Abstract: Tax evasion is a major problem faced by governments across the world, and many strategies have been attempted to minimize its extent. One such strategy is the “fiscal blitz”, consisting in clusters of unexpected tax verification activities targeting businesses. Blitzes have been widely implemented in Italy: the ones taking place in the last years shared many common features, but differed in the level of publicity they received on the media. We use confidential data on Value Added Tax payments at the sector level in two cities to estimate the effect of such publicity on tax compliance of local sellers. By employing a Difference-in-Differences identification strategy, we find that the publicity of the blitz has a positive effect on fiscal declarations made shortly after. The results suggest that increasing awareness on future audits via the media can be an important instrument in the hands of tax authorities.
    Keywords: Tax evasion, Natural experiment, Audit publicity
    JEL: H32 K34 E62
    Date: 2016–07
  3. By: Johannes Buckenmaier; Eugen Dimant (Philosophy, Politics and Economics, University of Pennsylvania); Luigi Mittone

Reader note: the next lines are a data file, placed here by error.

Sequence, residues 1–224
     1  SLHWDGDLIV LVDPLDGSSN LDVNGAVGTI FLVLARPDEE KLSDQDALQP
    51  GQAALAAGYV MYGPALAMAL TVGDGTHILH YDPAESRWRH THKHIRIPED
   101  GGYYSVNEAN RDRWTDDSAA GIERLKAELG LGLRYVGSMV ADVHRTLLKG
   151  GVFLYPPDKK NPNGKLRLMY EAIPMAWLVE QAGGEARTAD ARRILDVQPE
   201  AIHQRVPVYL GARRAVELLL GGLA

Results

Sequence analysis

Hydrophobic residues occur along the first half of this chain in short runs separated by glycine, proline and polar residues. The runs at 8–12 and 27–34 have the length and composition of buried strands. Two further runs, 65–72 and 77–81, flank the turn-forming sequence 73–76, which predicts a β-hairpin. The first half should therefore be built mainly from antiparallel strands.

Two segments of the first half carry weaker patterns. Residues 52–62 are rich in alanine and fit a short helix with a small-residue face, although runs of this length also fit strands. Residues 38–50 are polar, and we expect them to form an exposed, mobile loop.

Abstract: We experimentally study the effectiveness of a principal witness regulation on tax compliance when tax evasion is nested within a corruption framework. Subjects repeatedly declare taxes in institutional environments with and without a principal witness regulation. Our experimental design allows us not only to compare tax compliance under both regimes, but also to investigate whether a transition from one regime to the other can increase compliance or break up established collusive patterns. The results suggest that tax compliance is higher in the presence of a principal witness regulation when the regime is fixed. However, the transition towards a regime with a principal witness regulation has the opposite effect, i.e. introducing it in later rounds causes a drop in compliance. We provide evidence that the effectiveness of new political measures cannot reliably be judged in isolation, but must be considered in view of the actual institutional history, that is the particular institutional framework in place before the measure is introduced.